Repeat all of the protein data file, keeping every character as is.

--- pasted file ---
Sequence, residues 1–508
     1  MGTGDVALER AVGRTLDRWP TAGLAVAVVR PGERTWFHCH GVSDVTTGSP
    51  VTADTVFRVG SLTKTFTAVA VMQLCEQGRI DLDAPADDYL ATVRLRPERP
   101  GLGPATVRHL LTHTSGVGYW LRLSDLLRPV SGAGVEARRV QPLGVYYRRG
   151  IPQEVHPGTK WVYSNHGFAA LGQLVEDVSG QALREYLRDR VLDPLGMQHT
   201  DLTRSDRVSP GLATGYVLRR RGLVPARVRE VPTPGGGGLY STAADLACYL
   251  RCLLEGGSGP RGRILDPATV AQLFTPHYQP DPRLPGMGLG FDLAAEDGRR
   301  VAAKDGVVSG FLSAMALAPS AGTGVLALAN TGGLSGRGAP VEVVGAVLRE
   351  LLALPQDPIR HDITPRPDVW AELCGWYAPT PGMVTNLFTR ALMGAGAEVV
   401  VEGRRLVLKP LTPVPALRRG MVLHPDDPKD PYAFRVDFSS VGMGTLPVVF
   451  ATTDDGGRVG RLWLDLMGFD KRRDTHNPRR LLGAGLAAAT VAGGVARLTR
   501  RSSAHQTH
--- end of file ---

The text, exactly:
Sequence, residues 1–508
     1  MGTGDVALER AVGRTLDRWP TAGLAVAVVR PGERTWFHCH GVSDVTTGSP
    51  VTADTVFRVG SLTKTFTAVA VMQLCEQGRI DLDAPADDYL ATVRLRPERP
   101  GLGPATVRHL LTHTSGVGYW LRLSDLLRPV SGAGVEARRV QPLGVYYRRG
   151  IPQEVHPGTK WVYSNHGFAA LGQLVEDVSG QALREYLRDR VLDPLGMQHT
   201  DLTRSDRVSP GLATGYVLRR RGLVPARVRE VPTPGGGGLY STAADLACYL
   251  RCLLEGGSGP RGRILDPATV AQLFTPHYQP DPRLPGMGLG FDLAAEDGRR
   301  VAAKDGVVSG FLSAMALAPS AGTGVLALAN TGGLSGRGAP VEVVGAVLRE
   351  LLALPQDPIR HDITPRPDVW AELCGWYAPT PGMVTNLFTR ALMGAGAEVV
   401  VEGRRLVLKP LTPVPALRRG MVLHPDDPKD PYAFRVDFSS VGMGTLPVVF
   451  ATTDDGGRVG RLWLDLMGFD KRRDTHNPRR LLGAGLAAAT VAGGVARLTR
   501  RSSAHQTH